The New York Times had a very interesting piece about the opposition to a supermarket in the Kingsbridge Armory redevelopment.
BoogieDowner has stated this before, but opposition to a supermarket in the Armory in no way benefits the community. We agree, along with CB7 Chairman Greg Faulkner (as related in the Times' article) that many residents need to shop outside of the community to procure decent groceries. We applaud his request for a supermarket in the Armory redevelopment. CB7 is a supermarket desert; to say otherwise is a lie.
Morton Williams has thoroughly co-opted the community fervor in regards to the Armory redevelopment. MW's deep pockets have funded consultants, lawyers, and City Council members to try to defeat a supermarket at the Armory.
The living wage issue has taken a back seat. From this article it appears that Related is willing to give up on the supermarket, but not on the living wage issue. Wouldn't it be a travesty if the living wage goal went unmet, but somehow the supermarket was defeated, and some false community victory declared?
BoogieDowner has no knowledge of Morton Williams' compensation practices, but does it give all of its employees a living wage (i.e. $10/hr plus benefits)?
There is a moral argument to be made for the living wage issue (even if the practicality is suspect), but the only argument against a supermarket is Morton Williams' bottom line.
Here's a little quote that reveals Morton Williams' real intentions:
The supermarket fight is reminiscent of a battle waged a decade ago in East Harlem against the suburban-size and highly successful Pathmark store on 125th Street and Lexington Avenue. A crucial player in that struggle, Richard Lipsky, the lobbyist for the smaller markets that opposed Pathmark’s entry into East Harlem, is representing Morton Williams. In June, Mr. Lipsky’s office inadvertently sent reporters a memo to his clients in which he outlined a strategy for defeating the project or significantly modifying it “in a direction that is acceptable to Morton Williams’ interests.” [NY Times]Hmmm...Morton Williams' interests? What about the community's?
Update: Here's what Avi Kaner of Morton Williams had to say in the the comments section...We just wanted to highlight it so that no one misses it.
You're missing the point from Morton Williams' and the community's perspective.Update #2 10/2/09: Fernando Tirado, District Manager of Community Board 7, has checked in with the following statement:
Related’s Big Box food plans violate the terms of the city’s RFP which states “proposed commercial and retail uses must expand and enhance the current mix of retail offerings in the area, and endeavor to not duplicate or directly compete with the existing retail uses.” Suddenly, after Related was awarded the contract, it announced its intention to disregard this RFP requirement and instead plans a giant 60,000 square foot Big Box Supermarket or Warehouse Club in the armory that would have a catastrophic impact on our business and our company-wide hiring office across the street.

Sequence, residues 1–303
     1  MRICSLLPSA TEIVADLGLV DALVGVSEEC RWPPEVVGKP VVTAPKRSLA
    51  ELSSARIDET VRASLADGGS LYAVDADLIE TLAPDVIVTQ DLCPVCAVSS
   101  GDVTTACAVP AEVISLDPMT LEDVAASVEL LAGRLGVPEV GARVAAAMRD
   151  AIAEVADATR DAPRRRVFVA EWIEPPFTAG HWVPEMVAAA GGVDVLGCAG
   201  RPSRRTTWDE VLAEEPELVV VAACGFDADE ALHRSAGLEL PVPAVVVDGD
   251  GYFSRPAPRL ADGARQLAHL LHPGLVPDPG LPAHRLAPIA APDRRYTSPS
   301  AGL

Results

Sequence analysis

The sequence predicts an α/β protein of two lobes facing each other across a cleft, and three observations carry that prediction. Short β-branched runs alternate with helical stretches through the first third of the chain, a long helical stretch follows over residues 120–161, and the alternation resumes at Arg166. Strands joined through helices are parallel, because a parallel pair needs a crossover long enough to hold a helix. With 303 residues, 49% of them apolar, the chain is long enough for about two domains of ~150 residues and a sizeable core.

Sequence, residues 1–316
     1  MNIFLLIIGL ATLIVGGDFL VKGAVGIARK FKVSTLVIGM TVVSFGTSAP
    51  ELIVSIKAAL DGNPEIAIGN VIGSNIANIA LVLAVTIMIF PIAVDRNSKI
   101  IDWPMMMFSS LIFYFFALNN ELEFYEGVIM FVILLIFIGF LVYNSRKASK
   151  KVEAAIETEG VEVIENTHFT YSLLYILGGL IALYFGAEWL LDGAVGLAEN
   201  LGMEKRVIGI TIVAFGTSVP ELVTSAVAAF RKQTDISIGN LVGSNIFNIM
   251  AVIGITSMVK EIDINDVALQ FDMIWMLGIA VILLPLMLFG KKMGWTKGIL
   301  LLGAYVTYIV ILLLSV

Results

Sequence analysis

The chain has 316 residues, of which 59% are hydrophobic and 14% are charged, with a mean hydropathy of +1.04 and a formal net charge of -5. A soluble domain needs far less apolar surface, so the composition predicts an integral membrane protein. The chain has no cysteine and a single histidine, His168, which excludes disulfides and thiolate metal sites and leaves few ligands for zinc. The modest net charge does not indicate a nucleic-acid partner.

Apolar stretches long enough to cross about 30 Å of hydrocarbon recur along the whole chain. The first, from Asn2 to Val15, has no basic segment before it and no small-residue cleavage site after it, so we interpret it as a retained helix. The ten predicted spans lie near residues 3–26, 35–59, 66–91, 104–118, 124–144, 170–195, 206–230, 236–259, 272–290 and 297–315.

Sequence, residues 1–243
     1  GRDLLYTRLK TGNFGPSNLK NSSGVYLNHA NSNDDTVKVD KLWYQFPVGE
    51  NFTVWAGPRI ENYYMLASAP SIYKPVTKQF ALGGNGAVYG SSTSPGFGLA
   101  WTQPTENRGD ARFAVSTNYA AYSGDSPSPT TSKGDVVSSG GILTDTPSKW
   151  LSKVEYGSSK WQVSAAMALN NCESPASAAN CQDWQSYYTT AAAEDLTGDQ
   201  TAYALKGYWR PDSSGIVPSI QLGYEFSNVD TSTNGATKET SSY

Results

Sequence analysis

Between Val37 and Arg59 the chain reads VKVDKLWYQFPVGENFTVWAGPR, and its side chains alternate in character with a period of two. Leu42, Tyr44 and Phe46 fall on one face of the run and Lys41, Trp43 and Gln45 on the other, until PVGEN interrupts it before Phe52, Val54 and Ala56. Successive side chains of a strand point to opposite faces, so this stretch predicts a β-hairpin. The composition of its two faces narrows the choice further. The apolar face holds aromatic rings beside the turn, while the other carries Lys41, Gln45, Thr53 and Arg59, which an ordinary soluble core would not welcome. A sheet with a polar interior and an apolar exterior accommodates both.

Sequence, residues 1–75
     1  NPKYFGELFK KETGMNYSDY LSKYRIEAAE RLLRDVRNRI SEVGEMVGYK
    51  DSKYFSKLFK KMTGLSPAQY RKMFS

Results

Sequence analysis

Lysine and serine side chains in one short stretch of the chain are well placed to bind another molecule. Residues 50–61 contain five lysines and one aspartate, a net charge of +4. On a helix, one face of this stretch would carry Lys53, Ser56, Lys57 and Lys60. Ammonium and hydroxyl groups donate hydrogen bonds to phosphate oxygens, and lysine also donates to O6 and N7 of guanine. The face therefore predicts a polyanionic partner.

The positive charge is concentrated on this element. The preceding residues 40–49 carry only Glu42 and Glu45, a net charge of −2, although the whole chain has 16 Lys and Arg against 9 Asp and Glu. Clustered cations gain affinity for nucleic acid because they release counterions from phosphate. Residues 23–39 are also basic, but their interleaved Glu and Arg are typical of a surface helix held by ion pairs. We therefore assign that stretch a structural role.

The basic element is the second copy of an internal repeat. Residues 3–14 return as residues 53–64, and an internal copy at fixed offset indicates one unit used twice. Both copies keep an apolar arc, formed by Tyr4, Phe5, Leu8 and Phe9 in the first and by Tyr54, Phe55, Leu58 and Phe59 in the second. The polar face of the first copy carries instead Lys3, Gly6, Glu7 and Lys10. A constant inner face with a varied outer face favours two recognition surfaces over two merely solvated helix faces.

Related’s plan would represent a lethal blow to our two Bronx stores and many other local markets which would close as a result.
It will also be a punishing setback against the neighborhood with the elimination of many hundreds of Morton Williams union jobs - as our hiring and corporate office will be forced to move to a location outside of the Bronx where we have other stores.
To destroy our business with government subsidies is an outrage. The fact that taxes paid by businesses like ours will be used to subsidize a giant Big Box Supermarket or Warehouse Club magnifies the unfairness.
We are a good union employer that has been headquartered in the Kingsbridge community for over half a century, employing over 450 Kingsbridge area residents at any given time with full-time union jobs, health care, and other benefits. Many of our other 300 employees started out in this Bronx neighborhood. We are a leading private employer in the community with average wages that may be the highest for a private company in the area. Our payroll is $400,000 a week with 100% of our employees working full time.
We continuously update our stores with the most modern equipment and merchandising. We carry fresh and healthy foods, including an expanded selection of organic items as requested by Community Board 7.
We have never taken a penny in City subsidies. Now the City wants to use our tax dollars to put us out of business. This is unfair and unethical.
The Related Companies have spent millions of dollars on lobbyists; lawyers, and consultants to advance its plans. Just look at the draft Environmental Impact Statement. 10 pounds of paper and analysis that says that a Big Box Supermarket or Warehouse Club would not affect local businesses –– a ridiculous argument, even if it cost Related millions of dollars to produce the report.
We welcome fair competition. What we oppose is a sweetheart deal to a multi-billion dollar developer to put us out of business, with tens of millions of dollars in tax subsidies.
Morton Williams Supermarkets
Unfortunately, Avi Kaner's argument against a big-box supermarket opening up in the Armory doesn't hold water. No matter what Mr. Kaner's beliefs, the fact remains that obesity and diabetes continue to rise within our community and many Bronx residents find themselves forced to shop outside of our borough to find fresh and affordable groceries.~ErLu
I applaud MW Supermarkets for their recent changes, but the truth of the matter is that the community as a whole still does not have quality supermarkets. I find the opposition to a supermarket in the Armory to be anti-democratic and anti-free market at the expense of the surrounding community. I hope that we can still come up with an alternative that brings healthier and affordable options to the Northwest Bronx.Fernando P. Tirado
Bronx Community Board 7